Step 1: ∀ α, β, x and y, 0 ≤ α, β, x, y ≤ n-1 do in shifted through n positions along the horizontal

parallel cycles, then the pth row elements of M ( α, q) will also

be shifted to the qth row of M ( α, p), 0 ≤ α ≤ n-1.

R1 (α, β, x, y) ←

/* Here, `*‟ indicates all possible values from 0 to

n-1, but the same value for it must be used on both

𝑏𝑖𝑛 𝛼 ∘ 𝑏𝑖𝑛 𝑥 . 𝑏𝑖𝑛 𝛽 ∘ 𝑏𝑖𝑛 𝑦𝑥 𝑋𝑟−1 ⨁𝑋𝑟−2 𝑌𝑟 −1 ⊕𝑌𝑟−2

−1 𝜔 sides of the assignment operator */

in each of the block matrix in multi mesh and 0 ≤ x, y begin

≤ n-1 whereas 0 ≤ X, Y ≤ n2 -1, n2 = 2r and N = n4.

I. R1(α, β,*, n-1) ← R1(α,*, β, 0);

Step 2: ∀ β and y, 0 ≤ α, β, y ≤ n-1 do in parallel

II. for j = n-1 down to 1 do in parallel

R2 (0, β, 0, y) ← 𝑎𝛽𝑛 +𝑦

R1 (α, β,*, j-1) ← R1 (α, β, *, j);

end

R2 (y, β, n-1, 0) ← R2 (0, β, 0, y);

/* Steps I and II are in parallel */

II. ∀ α, β, 0 ≤ α, β ≤ n-1 do in parallel

∀ α, β, y 0 ≤ α, β, y ≤ n-1 do in parallel

III. ∀ α, β, i, 0 ≤ α, β, i ≤ n-1 do in parallel

/* Sum along each column in each mesh */

R2 (i, β, 0, α) ← R2 (α, β, n-1, i);

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begin VIII. TIME COMPLEXITY OF PARALLEL JACKET

TRANSFORMATION

for j = 0 to (log2 n - 1)

Constant time say t1 is required for initialization.

begin Propagation of vector B requires 2n steps of data movements in

stage 2. Generation of partial products needs constant time t2 in

for i = 0 to (n - 1) in step (2 j+1) do stage 3. Data movements in stage 4 require n steps. Stage 5

requires 2(n-1) data movement steps and 2 log2 n addition

R1 (α, β, i, y) ← R1 (α, β, i, y) + R1 (α, β, i steps. Data arrangement i.e. stage 6 is done in single step. So,

total number of steps required for the entire process is t1 + t2 +

+ 2j, y) 5n + 2 log2 n, where t1 is constant time for in place generation

of Jacket matrix elements in parallel, t2 is constant time for

end generation of partial products in parallel, steps required for data

movement is 5n and 2 log2 n is the number of addition steps.

end So, total time required is t1 + t2 + 5n + 2log2 n = 5N1/2 + t +

2log2 N1/2 where N2 = n4, t = t1 + t2 and t > 0, which implies

/* Registers R1 of processors P (α, β, 0, i) contain the column time complexity of this algorithm is O (n) or O (N1/2).

sums for ∀ α, β, i, 0 ≤ α, β, i ≤ n-1 */

IX. TIME COMPLEXITY OF PARALLEL JACKET

∀ α , β, 0 ≤ α, β ≤ n-1 do in parallel TRANSFORMATION

/* Summing along the 0th row in each block*/

begin

A parallel algorithm for Jacket transformation of vector of

length N has been proposed with O (log √N)) addition time and

k = 0;

O (√N) data movement time. Each processor of the MM

for j = 0 to (log2 n - 1) network, having N2 processors, generates a single component

begin of the Jacket matrix element depending on the processor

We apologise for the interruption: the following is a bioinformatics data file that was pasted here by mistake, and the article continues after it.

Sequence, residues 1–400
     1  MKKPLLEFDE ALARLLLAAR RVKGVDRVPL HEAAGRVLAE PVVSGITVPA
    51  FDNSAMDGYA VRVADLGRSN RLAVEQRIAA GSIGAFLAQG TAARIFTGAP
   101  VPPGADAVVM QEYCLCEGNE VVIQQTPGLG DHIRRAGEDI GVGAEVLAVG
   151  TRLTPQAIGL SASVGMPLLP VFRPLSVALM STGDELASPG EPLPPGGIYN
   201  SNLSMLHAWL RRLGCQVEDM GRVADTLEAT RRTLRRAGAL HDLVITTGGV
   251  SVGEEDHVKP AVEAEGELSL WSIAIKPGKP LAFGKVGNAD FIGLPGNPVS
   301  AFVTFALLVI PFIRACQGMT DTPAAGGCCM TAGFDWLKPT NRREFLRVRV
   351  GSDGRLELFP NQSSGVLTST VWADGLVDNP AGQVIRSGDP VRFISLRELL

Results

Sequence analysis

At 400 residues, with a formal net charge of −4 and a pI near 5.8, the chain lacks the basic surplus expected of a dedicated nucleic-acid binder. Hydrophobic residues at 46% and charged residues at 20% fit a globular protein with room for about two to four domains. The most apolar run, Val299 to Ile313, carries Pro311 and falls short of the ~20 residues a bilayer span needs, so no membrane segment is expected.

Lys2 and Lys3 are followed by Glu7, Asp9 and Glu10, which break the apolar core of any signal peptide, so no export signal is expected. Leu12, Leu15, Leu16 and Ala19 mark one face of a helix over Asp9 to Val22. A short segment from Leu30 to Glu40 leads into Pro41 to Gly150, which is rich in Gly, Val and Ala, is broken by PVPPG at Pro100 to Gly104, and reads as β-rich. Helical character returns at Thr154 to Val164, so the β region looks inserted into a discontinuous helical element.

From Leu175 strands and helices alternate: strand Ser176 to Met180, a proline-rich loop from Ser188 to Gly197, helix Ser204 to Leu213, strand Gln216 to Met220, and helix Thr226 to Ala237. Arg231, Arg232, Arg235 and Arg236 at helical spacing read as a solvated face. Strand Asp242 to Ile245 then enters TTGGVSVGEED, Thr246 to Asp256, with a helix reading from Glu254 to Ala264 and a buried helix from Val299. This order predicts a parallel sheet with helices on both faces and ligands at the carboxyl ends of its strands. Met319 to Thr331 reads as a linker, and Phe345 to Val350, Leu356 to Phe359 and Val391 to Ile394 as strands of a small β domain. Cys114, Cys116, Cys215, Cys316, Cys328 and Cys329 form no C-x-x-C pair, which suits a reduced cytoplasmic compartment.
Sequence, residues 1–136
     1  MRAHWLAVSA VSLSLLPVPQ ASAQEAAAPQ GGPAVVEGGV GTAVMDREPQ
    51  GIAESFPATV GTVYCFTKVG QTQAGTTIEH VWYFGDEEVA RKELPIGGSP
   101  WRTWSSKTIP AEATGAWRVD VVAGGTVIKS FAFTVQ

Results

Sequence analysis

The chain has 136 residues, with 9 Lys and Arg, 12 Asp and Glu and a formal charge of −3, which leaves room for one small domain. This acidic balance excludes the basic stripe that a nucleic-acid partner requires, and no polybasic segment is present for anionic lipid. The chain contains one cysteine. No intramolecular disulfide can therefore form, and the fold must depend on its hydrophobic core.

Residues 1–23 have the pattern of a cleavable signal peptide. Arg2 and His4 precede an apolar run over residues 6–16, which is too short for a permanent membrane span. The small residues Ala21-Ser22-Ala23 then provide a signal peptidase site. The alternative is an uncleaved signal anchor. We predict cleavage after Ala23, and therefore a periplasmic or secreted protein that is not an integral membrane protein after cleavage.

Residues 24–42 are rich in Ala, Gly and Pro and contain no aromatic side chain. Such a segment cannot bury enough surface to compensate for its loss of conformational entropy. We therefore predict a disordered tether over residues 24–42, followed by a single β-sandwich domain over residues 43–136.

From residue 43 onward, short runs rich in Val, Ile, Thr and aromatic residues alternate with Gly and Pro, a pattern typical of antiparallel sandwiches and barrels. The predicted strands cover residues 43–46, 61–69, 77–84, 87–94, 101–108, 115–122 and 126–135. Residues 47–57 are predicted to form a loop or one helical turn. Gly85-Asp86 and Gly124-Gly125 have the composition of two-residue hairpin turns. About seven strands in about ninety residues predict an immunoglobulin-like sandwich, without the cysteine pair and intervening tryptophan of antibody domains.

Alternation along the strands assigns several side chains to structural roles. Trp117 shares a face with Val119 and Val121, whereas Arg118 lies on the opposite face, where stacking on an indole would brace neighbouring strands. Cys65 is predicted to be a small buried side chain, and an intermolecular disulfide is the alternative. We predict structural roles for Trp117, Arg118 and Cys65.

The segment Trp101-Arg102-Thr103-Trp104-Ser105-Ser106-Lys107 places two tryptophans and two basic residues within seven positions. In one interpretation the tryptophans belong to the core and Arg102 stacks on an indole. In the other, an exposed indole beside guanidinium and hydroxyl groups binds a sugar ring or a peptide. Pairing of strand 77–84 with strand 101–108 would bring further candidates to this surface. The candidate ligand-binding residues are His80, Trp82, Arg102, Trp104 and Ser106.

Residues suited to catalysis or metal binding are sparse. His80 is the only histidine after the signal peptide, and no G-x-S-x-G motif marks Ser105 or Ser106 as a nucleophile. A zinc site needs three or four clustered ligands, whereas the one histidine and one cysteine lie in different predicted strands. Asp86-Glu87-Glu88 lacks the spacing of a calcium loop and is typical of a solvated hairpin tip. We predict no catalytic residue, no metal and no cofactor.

for i = k to (n - 1) in step (2 j+1) do position in MM network i.e. each of the components is

R1 (α, β, 0, i + 2j) ← R1 (α, β, 0, i) + R1 (α, β, 0, i + generated in place. The proposed algorithm has suggested an

2j); implementation of the Jacket Transform in a new parallel

k = k + 2j; architecture which is of lower diameter, lower degree and

end regular interconnections.

end

Moreover, the MM network is more advantageous than

/* The sum of n2 data values of the block is finally brought to mesh of same size for implementation of Jacket Transform. In

the register R1 of processor P (α, β, 0, n-1) */ case of simple n2 × n2 mesh this problem would have taken O

(n2) time. The reduced time complexity has been achieved due

to the inter block links among the boundary processors of the

6. Data movement for the final output vector from MM: meshes.

scaled up version of the problem. In the present paper Jacket

The output vector or the transformed vector C is moved to the matrix of size 24 × 24 has been used in the example to execute

0th column of all the blocks M (α, 0), 0 ≤ α ≤ n-1. the proposed algorithm which can be suitably modified to

compute Jacket matrix of size 24+1 × 24+1 to transform the input

∀ α and β , 0 ≤ α, β ≤ n-1 do in parallel vector of size 24+1 using the same number of processors. In the

later case each processor has to compute four partial products

R1 (α, 0, β, 0) ← R1 (α, β, 0, n-1); resulting in increase of time complexity by a constant.

/* It is a single step horizontal data movement along inter

block links */

ACKNOWLEDGMENT

The authors express their sincere gratitude to the faculty

B. Simulation of the algorithm PHT members of the Department of Engineering & Technological

Studies, University of Kalyani, and West Bengal, India, where

Simulation program of the parallel algorithm PHT is done the work has been carried out.

using GCC Open MPI library. The resultant transformed output

vector for a given input vector was verified with a serial Jacket

transformation algorithm.

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International Journal on Future Revolution in Computer Science & Communication Engineering ISSN: 2454-4248

Volume: 4 Issue: 9 103 – 109